The Dryandras are also flowering. I do not have as many as I once did unfortunately. D. praemorsa 'Ray's Special' has its first big gold head which lasts for weeks. I will be careful with this plant and keep it trimmed to increase flowering and also to keep the branches strong. D. speciosa and several other low growing ones are also braving the cold with their intriguing flowers half hidden in the foliage.
Before we leave the Proteaceae, what of the grevilleas? G.alpina 'Warbv Range form' is very prolific with its bright red and gold flowers, more floriferous and conspicuous than the quieter and smaller local form. It benefits from pruning to control its sprawl but seems to flower no matter what. G. lanigera 'Kangarutha Form' stays small and flat and flowers and flowers while G. maxwellii is gradually adding layers so that its numerous red flowers are now seen, but it too doesn't seem to need pruning. For the first time two plants of G. victoriae are opening their buds instead of dropping them - what is different this year?
|Photos: Keith Townsend, Cas Liber, Geoff Clarke, Brian Walters
There may be some connection with the fact that the Eucalyptus lacrimans is also in flower now, when its parents at Adaminaby are probably under snow, as are the grevillea's parents on Mt Hotham. I have noted that the gum tree has flowered for several years at this time. Do they not get enough water over summer and wait for the rains or do the buds open early because it is not quite as icy here as on the tops? Whatever the reason they are especially lovely strips of white hanging right down to ground level for earth bound creatures to admire - not just the birds.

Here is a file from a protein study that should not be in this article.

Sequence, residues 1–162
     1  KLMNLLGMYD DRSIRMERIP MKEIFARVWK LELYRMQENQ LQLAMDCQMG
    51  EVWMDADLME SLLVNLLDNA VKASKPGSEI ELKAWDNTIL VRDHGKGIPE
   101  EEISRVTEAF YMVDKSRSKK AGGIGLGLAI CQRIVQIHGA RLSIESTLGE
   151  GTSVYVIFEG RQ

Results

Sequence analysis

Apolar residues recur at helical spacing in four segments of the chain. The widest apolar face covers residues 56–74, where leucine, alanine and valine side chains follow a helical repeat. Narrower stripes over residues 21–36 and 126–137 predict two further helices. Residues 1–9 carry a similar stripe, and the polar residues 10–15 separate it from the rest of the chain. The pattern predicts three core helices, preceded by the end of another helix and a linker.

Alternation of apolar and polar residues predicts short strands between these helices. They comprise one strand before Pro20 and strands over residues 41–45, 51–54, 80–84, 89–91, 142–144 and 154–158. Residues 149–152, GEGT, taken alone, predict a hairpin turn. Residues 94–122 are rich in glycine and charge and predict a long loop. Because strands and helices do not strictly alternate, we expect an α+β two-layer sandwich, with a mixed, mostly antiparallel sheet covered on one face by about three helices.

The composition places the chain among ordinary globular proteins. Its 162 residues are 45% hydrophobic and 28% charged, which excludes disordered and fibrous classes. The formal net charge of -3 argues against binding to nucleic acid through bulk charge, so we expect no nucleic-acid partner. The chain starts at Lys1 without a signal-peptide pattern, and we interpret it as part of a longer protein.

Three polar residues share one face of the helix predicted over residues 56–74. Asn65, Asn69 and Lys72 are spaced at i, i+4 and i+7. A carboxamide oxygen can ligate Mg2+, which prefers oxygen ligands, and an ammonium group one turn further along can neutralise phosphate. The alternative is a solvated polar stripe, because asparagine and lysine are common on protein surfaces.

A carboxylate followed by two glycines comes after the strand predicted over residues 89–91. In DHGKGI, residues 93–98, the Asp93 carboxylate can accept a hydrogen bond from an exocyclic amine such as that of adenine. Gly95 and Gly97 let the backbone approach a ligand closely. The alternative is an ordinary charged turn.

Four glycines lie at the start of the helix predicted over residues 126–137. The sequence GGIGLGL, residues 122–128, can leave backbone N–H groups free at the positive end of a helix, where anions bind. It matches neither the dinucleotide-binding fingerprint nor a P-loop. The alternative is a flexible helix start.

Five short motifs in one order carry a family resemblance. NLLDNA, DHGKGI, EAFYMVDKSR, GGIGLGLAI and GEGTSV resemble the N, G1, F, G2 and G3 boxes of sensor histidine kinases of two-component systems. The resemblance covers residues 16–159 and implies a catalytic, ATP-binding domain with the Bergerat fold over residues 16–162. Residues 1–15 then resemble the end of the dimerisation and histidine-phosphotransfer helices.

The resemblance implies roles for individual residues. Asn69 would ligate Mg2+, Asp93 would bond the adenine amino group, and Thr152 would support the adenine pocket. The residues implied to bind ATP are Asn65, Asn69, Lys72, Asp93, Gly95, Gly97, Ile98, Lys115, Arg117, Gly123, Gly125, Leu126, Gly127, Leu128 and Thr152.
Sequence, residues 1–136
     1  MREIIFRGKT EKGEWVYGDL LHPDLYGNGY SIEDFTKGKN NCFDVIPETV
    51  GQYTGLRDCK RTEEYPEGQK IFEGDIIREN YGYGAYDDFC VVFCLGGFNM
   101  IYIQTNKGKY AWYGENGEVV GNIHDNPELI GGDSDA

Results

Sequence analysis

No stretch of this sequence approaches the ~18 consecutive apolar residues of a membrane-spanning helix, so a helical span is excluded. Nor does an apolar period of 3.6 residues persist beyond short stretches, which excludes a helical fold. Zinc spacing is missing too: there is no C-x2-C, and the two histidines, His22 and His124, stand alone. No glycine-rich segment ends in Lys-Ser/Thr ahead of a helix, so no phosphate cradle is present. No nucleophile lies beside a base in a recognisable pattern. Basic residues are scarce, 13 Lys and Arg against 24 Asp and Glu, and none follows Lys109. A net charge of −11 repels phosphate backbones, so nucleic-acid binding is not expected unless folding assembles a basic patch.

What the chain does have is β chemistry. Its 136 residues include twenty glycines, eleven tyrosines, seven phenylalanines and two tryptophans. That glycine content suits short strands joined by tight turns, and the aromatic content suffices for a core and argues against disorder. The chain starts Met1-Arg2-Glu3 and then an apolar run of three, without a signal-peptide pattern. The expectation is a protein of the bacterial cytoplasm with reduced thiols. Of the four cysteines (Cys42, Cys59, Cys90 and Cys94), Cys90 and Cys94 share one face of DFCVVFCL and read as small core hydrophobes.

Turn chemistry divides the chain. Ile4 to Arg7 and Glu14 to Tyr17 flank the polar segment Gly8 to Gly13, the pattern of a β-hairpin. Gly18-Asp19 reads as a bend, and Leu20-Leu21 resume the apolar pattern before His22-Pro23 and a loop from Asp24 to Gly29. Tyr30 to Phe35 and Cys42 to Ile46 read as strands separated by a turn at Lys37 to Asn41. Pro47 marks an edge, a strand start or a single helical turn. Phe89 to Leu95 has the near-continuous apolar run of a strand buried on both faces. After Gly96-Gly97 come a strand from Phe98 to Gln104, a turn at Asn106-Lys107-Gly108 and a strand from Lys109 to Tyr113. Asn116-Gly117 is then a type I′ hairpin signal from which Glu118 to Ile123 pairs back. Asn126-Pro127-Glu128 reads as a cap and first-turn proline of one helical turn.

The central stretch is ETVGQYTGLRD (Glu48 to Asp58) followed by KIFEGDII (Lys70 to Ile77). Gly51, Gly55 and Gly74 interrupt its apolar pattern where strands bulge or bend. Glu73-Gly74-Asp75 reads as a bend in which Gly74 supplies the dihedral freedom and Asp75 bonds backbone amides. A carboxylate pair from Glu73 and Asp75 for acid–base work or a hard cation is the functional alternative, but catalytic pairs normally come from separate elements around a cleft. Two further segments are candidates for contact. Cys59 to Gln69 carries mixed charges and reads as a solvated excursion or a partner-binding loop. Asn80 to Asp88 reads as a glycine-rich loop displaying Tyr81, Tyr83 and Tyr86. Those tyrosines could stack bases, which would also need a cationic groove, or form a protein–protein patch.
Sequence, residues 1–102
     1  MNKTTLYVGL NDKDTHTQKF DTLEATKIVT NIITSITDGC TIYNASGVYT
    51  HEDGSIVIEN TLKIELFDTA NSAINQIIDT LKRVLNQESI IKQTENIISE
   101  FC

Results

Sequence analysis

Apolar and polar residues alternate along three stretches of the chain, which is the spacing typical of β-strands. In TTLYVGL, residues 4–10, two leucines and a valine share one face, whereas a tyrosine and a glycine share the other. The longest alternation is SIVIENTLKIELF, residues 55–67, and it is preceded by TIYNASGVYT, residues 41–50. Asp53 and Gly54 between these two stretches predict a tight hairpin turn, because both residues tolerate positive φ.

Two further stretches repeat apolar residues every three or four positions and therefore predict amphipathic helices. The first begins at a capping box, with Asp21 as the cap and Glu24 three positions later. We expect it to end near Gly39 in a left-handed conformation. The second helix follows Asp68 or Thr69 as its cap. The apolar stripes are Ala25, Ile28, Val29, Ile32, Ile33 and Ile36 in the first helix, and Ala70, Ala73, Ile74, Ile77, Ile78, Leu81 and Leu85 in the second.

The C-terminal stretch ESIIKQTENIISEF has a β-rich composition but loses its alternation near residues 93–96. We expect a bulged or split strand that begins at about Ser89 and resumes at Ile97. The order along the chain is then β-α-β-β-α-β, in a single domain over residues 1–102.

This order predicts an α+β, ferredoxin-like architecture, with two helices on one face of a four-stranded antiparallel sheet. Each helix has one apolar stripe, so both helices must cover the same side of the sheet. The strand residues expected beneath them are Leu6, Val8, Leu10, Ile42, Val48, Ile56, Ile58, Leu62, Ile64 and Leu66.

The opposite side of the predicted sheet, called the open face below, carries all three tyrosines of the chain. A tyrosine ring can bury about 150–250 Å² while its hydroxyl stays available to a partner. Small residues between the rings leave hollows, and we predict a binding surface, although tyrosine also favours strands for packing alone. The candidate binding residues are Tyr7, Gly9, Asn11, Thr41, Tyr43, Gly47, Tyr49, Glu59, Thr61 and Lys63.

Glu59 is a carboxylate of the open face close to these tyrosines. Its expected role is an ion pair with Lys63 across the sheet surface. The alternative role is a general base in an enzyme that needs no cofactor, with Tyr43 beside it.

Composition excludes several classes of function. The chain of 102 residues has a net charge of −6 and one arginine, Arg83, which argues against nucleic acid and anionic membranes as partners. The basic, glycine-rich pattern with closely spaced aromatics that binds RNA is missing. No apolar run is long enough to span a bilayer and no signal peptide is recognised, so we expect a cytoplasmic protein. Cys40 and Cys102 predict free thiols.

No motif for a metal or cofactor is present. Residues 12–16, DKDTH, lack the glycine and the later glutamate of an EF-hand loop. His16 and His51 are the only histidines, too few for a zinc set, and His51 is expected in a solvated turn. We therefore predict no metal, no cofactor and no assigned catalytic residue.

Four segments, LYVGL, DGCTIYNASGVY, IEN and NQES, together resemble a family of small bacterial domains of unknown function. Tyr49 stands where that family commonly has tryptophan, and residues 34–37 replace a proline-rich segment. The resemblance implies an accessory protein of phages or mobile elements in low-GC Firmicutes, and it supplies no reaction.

The correas and croweas have been flowering at a rate that I would never have believed them able to sustain. The colour of the croweas in particular seems to be deeper in the cold weather and the flowers just keep coining. Boronia crenulata 'Pink Cushion' is another continuous bloomer, which helps keep it small and round. There was a brief pause around autumn, probably due to the drought, when it was possible to get cuttings without buds, but it was a very short window of time. Phebalium nottii and Thryptomene saxicola are also contributing arresting patches of pink.
If I walk down the drive it is the Mt. Morgan wattle, Acacia podalyriifolia, that catches the eye. It always seems to take me unawares. Spring in the depths of Winter! Yet this miracle occurs regularly each year. A bit further down the drive Acacia vestita is pregnant with bud. branches drooping with their weight and all about an air of expectancy for the golden glory about to come. So it is not just that my wanderlust is lessened these days that keeps me home, it is the eternal problem of a gardener, there is no time of year one can safely leave without missing some magical moment.
From Growing Australian, the newsletter of the Australian Plants Society (Victoria), September 2002.
Australian Plants online - 2009
Australian Native Plants Society (Australia)